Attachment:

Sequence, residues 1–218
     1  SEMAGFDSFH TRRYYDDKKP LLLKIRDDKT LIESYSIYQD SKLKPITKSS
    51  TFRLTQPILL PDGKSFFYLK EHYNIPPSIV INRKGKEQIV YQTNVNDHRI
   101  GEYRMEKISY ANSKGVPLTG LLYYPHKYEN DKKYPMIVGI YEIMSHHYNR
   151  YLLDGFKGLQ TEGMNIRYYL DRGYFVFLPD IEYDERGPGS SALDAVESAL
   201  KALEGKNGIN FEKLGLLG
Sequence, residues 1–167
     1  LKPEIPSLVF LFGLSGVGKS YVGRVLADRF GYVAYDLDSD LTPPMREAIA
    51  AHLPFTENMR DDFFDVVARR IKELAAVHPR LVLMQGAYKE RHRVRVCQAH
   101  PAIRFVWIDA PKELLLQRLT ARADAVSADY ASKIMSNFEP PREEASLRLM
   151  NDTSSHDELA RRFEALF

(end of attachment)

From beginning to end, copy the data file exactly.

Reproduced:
Sequence, residues 1–218
     1  SEMAGFDSFH TRRYYDDKKP LLLKIRDDKT LIESYSIYQD SKLKPITKSS
    51  TFRLTQPILL PDGKSFFYLK EHYNIPPSIV INRKGKEQIV YQTNVNDHRI
   101  GEYRMEKISY ANSKGVPLTG LLYYPHKYEN DKKYPMIVGI YEIMSHHYNR
   151  YLLDGFKGLQ TEGMNIRYYL DRGYFVFLPD IEYDERGPGS SALDAVESAL
   201  KALEGKNGIN FEKLGLLG
Sequence, residues 1–167
     1  LKPEIPSLVF LFGLSGVGKS YVGRVLADRF GYVAYDLDSD LTPPMREAIA
    51  AHLPFTENMR DDFFDVVARR IKELAAVHPR LVLMQGAYKE RHRVRVCQAH
   101  PAIRFVWIDA PKELLLQRLT ARADAVSADY ASKIMSNFEP PREEASLRLM
   151  NDTSSHDELA RRFEALF